South Asia Brief

News and analysis from India and its neighboring countries in South Asia, a region home to one-fourth of the world’s population. Delivered Thursday.

Nepal’s Ruling Coalition Has the Edge in Elections

The Nepali Congress party looks set to hang onto power when final results come in next week.

Kugelman-Michael-foreign-policy-columnist13
Kugelman-Michael-foreign-policy-columnist13
Michael Kugelman
By , the writer of Foreign Policy’s weekly South Asia Brief.
A voter prepares to stamp her ballot at a polling station in Bhaktapur, Nepal, on Nov. 20.
A voter prepares to stamp her ballot at a polling station in Bhaktapur, Nepal, on Nov. 20.
A voter prepares to stamp her ballot at a polling station in Bhaktapur, Nepal, on Nov. 20. PRAKASH MATHEMA/AFP via Getty Images

Welcome to Foreign Policy’s South Asia Brief.

The highlights this week: Nepal’s parliamentary elections look set to uphold the status quo, a new army chief takes over in Pakistan, and an Indian billionaire buys a major TV news network.

If you would like to receive South Asia Brief in your inbox every Thursday, please sign up here.

Welcome to Foreign Policy’s South Asia Brief.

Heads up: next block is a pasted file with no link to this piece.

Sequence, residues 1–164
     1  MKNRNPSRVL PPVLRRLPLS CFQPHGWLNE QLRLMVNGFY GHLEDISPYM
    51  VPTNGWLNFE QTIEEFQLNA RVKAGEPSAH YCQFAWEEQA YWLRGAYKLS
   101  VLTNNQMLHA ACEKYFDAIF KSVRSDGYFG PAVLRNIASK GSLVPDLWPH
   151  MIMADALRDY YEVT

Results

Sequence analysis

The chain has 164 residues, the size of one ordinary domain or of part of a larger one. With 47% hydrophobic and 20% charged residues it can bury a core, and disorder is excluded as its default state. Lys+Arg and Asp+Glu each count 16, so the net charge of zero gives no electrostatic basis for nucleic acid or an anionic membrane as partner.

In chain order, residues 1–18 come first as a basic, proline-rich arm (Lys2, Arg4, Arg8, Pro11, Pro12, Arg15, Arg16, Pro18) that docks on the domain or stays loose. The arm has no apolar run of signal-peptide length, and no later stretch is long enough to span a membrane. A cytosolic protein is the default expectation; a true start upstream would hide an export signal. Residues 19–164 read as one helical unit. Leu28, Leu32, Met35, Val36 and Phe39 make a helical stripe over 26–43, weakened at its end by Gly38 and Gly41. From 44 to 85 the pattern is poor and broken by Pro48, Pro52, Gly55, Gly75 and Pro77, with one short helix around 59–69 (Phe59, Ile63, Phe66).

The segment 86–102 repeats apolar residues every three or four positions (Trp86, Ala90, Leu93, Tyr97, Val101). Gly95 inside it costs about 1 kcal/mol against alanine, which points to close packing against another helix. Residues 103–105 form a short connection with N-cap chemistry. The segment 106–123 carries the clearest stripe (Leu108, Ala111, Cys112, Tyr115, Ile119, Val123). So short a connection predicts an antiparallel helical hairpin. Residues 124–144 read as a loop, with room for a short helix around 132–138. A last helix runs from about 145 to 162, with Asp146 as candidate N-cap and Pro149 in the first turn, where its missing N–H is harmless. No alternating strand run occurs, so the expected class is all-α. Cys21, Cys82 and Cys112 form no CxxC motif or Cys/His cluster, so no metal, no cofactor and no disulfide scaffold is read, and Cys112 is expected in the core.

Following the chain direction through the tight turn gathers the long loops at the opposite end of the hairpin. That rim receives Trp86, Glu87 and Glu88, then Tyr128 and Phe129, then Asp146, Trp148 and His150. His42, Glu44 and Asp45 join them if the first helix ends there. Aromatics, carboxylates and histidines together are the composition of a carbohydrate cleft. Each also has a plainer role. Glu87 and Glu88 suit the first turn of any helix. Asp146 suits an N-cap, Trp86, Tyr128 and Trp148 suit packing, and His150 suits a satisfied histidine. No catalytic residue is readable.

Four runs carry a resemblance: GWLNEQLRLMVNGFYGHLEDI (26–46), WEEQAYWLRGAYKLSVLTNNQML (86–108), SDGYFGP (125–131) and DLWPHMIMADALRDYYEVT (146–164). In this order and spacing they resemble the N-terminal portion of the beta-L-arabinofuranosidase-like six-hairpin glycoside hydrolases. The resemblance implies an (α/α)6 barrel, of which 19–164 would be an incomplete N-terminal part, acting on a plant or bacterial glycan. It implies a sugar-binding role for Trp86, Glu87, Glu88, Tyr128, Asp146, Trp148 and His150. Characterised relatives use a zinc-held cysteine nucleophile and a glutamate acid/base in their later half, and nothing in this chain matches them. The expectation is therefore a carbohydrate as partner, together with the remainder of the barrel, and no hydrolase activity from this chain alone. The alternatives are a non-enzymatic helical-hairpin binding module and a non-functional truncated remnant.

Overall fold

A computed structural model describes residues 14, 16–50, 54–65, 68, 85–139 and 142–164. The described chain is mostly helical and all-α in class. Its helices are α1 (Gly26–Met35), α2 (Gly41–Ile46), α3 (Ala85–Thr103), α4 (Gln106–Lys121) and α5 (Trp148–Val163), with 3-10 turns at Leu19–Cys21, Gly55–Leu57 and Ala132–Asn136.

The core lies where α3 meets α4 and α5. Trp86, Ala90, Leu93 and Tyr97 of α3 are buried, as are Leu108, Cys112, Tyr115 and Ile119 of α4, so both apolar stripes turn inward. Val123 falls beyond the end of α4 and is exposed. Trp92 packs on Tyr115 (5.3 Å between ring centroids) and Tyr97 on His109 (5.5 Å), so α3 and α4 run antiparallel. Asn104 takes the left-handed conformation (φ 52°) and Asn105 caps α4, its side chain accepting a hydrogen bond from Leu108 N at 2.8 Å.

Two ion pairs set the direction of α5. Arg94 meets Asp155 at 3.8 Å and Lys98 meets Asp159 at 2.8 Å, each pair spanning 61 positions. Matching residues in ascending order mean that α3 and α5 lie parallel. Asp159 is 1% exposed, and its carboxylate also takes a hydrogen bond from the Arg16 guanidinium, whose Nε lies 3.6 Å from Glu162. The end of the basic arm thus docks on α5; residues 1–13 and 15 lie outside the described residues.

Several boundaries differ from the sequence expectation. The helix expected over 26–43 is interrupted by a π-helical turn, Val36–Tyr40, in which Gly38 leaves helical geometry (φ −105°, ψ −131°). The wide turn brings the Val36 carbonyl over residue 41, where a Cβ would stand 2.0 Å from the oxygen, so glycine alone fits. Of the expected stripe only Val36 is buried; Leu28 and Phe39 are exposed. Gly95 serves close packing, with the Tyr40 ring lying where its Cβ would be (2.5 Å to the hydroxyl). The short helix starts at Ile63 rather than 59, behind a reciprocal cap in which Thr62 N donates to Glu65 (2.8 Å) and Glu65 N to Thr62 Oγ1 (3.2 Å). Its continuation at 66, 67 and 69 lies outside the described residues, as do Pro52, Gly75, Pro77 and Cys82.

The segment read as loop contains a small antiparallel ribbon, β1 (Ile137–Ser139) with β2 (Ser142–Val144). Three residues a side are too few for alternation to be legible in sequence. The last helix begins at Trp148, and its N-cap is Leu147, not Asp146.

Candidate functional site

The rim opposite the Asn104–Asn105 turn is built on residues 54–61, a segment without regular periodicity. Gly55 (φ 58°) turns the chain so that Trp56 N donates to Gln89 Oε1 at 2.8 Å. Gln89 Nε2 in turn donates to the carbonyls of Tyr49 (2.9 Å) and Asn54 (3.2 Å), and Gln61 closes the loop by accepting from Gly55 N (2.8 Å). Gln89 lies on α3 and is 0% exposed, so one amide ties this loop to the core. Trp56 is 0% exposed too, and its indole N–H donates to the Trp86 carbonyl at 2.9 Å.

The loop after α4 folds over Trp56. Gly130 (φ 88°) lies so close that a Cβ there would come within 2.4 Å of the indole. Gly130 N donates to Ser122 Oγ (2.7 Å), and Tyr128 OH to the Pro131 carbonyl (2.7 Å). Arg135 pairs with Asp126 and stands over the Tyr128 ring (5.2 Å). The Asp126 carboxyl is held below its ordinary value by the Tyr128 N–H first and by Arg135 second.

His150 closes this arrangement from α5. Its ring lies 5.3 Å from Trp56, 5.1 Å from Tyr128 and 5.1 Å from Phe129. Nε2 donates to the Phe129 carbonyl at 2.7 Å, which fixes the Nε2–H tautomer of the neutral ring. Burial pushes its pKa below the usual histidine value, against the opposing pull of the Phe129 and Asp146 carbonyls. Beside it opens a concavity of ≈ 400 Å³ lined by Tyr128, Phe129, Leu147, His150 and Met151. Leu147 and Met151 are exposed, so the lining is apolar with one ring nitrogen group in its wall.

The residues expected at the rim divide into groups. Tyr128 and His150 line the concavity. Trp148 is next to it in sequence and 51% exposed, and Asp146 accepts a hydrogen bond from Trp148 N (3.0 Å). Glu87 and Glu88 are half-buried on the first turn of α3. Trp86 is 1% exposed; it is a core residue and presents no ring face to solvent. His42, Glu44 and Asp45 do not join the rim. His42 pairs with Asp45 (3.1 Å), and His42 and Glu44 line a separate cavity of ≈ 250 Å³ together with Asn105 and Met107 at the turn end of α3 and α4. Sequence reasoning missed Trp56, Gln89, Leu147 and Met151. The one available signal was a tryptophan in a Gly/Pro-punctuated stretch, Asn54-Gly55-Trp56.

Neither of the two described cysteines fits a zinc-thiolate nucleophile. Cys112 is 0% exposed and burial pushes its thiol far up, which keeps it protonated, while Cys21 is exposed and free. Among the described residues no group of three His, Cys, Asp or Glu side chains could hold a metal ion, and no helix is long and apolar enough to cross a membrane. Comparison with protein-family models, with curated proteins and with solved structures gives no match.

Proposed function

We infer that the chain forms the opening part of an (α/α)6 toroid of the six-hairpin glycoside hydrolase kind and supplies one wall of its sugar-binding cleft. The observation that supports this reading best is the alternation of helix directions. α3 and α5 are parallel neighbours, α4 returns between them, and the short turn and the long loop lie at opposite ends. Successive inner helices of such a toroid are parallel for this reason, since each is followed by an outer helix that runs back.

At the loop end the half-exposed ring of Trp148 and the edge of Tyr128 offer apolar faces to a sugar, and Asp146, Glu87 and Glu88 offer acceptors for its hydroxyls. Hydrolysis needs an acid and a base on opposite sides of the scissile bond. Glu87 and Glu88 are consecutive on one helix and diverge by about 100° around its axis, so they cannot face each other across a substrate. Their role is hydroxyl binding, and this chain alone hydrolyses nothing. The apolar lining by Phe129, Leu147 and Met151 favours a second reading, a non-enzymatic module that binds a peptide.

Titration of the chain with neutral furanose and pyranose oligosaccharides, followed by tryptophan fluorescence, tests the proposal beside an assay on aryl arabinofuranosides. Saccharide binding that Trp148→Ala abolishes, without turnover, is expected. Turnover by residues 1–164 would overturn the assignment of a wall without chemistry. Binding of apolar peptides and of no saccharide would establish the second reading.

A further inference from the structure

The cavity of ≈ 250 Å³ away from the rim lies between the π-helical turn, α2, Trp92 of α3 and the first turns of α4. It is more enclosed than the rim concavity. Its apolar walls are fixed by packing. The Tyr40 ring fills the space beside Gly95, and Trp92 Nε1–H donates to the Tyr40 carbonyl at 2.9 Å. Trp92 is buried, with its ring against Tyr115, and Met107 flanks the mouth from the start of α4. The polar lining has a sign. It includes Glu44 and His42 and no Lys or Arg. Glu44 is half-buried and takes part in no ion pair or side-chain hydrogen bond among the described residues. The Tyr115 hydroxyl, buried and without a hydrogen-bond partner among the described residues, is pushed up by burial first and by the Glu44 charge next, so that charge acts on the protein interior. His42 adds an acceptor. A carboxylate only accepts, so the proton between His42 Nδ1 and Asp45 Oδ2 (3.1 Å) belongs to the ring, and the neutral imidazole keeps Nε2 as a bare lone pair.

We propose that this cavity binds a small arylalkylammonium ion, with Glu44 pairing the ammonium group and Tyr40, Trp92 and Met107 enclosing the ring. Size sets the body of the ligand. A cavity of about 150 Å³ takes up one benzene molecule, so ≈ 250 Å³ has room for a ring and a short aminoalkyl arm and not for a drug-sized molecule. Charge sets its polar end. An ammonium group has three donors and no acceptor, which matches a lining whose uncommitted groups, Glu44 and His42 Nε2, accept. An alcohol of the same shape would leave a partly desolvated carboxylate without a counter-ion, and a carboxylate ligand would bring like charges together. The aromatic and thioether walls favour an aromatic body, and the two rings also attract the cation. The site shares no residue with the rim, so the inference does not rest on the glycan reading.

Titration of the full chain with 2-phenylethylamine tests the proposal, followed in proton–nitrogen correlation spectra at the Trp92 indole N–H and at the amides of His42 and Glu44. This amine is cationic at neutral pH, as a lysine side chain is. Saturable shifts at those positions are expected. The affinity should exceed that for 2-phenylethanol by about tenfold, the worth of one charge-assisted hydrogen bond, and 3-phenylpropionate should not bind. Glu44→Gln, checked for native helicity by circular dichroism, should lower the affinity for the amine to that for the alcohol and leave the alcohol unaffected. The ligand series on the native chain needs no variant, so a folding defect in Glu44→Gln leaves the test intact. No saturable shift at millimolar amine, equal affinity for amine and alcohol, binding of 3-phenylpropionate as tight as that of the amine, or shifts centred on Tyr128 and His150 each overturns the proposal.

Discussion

The highlights this week: Nepal’s parliamentary elections look set to uphold the status quo, a new army chief takes over in Pakistan, and an Indian billionaire buys a major TV news network.

If you would like to receive South Asia Brief in your inbox every Thursday, please sign up here.


Unpacking Nepal’s National Elections

Final results from Nepal’s Nov. 20 parliamentary elections are expected next week, but key details are emerging about the outcome. The Nepali Congress party, which heads the current ruling coalition, took the most votes, and the main opposition party—the Communist Party of Nepal-United Marxist Leninist—came second. Neither party has the seats needed to form a new government on its own, and the two rivals aren’t likely to form a coalition.

It is likely that the Nepali Congress and its current coalition partners will pick up enough votes to reach a majority; the party is meeting with them this week to explore possibilities. In terms of geopolitics, India may get a boost in its growing competition with China. The current ruling coalition in Kathmandu has strengthened ties with New Delhi while in government.

The other major storyline was low turnout: Only 61 percent of voters showed up, a significant decrease from the last two national elections. Experts attribute this to voters’ unhappiness with establishment political figures. But the low turnout is striking because observers in Nepal had depicted this election as pivotal—even transformational—because of the country’s serious economic stress but also because there were many new, young politicians among the candidates.

Anil Sigdel, a political analyst and director of Nepal Matters for America, said many voters stayed home because of the “feeling of disenchantment toward the behavior of party leaders who have always prioritized personal power rather than national interest.” Sigdel said that “politicians have failed to unite and cooperate to deliver, which has only increased skepticism.”